Monks dreamt up myths of King Arthur and a visit by Jesus to raise money and lure pilgrims to Glastonbury, research says

Glastonbury monks made up King Arthur myths to lure pilgrims. Credit: PA

Glastonbury monks concocted myths about the burial place of the legendary King Arthur and a visit from Jesus to raise money by drawing pilgrims to the area, according to research.

They dreamt up their plan in 1184, when their abbey burnt down and they needed to rebuild it.

They even said Jesus was brought there as a child by his uncle, Joseph of Arimathe.

It was said that his staff turned into a tree that still flowers on Christmas Day.

According to the research published by Reading University, Glastonbury Abbey was renowned in the middle ages as the burial place of King Arthur and the site of the earliest Christian church in Britain, believed to have been founded by Joseph of Arimathea in the first century.

The ancient wooden church, vetusta ecclesia, was destroyed by fire in 1184 and the medieval Lady Chapel was built on the same site.

Glastonbury Abbey. Credit: University of Reading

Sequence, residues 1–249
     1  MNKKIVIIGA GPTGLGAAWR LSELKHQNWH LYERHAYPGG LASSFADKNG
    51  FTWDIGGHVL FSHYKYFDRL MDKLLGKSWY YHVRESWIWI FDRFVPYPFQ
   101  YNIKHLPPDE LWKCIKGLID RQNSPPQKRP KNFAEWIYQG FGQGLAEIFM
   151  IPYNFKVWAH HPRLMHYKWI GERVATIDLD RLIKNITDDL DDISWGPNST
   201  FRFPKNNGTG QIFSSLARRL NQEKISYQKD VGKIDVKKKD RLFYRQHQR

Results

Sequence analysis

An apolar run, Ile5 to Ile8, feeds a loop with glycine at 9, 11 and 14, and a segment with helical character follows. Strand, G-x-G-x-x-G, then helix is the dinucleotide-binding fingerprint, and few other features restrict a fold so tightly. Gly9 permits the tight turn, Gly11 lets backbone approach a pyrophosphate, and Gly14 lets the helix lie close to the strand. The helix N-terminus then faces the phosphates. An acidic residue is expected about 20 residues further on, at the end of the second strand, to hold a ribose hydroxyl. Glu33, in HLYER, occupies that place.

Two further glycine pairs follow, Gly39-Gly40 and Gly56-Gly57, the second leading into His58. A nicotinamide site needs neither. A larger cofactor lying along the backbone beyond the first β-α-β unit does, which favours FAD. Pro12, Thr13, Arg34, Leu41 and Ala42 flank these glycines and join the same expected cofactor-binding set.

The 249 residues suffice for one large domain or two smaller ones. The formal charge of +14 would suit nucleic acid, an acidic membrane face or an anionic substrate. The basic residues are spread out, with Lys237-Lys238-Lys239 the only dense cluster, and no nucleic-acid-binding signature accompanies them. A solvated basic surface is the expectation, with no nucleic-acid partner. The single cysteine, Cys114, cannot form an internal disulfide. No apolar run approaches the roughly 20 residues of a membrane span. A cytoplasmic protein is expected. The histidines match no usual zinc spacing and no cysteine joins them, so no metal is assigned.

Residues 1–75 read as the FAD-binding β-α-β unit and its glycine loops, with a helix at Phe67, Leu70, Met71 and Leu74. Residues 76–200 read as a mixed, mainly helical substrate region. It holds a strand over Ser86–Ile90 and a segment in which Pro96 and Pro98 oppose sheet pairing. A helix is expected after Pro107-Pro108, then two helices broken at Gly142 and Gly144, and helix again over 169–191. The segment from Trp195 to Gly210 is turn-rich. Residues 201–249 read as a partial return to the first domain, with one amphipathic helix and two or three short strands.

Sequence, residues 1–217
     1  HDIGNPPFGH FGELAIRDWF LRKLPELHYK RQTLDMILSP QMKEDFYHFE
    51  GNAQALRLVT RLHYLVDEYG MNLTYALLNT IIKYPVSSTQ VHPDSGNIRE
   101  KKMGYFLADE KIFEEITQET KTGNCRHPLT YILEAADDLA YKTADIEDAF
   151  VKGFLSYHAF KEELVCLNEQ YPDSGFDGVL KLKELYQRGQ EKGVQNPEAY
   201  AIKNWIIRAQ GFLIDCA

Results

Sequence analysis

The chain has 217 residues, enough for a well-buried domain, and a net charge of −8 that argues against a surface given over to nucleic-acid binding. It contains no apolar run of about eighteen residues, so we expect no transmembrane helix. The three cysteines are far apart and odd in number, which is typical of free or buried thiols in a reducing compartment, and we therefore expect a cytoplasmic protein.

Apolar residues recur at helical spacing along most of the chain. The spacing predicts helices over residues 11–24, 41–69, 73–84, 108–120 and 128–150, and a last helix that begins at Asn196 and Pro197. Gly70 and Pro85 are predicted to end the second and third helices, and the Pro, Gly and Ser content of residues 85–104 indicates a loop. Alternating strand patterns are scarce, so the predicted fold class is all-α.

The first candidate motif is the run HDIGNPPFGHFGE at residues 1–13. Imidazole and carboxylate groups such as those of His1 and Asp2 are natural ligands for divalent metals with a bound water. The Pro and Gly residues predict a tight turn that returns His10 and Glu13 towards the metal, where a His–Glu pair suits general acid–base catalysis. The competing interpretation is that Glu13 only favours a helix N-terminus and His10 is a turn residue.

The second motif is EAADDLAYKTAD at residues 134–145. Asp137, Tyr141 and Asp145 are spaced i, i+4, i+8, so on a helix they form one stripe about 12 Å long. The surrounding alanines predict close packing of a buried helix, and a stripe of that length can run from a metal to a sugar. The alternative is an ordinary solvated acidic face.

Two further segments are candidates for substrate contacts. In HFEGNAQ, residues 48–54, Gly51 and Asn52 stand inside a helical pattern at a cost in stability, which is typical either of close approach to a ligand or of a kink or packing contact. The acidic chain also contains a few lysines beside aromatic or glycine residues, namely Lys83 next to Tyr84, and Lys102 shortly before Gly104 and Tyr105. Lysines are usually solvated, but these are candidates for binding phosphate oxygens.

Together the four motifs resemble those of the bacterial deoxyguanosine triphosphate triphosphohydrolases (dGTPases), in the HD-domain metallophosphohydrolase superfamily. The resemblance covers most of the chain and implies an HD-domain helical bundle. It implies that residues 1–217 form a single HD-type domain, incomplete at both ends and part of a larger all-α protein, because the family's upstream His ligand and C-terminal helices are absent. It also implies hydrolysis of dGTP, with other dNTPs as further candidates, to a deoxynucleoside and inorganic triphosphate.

But Professor Roberta Gilchrist from Reading University, who led the research, there was no evidence that a pit filled with rubble - said to be Arthur’s grave - was anything more than a hole dug in the ground.

The famous Glastonbury origins story was first recounted by William of Malmesbury (c 1129–30).

The myth was embellished by subsequent generations – including the addition of the Arthurian connection in 1191.

The aim was to establish Glastonbury’s importance among English monasteries and attract pilgrims and funds.

The monks successfully crafted the Glastonbury legends and by the close of the middle ages the abbey was the second richest monastery in England.

Glastonbury Tor. Credit: PA

Glastonbury’s myths continued to evolve in the centuries following the Dissolution of the monastery in 1539.

Now the site of the abbey ruins draws a large range of visitors including heritage tourists, students of history and spiritual seekers of diverse beliefs.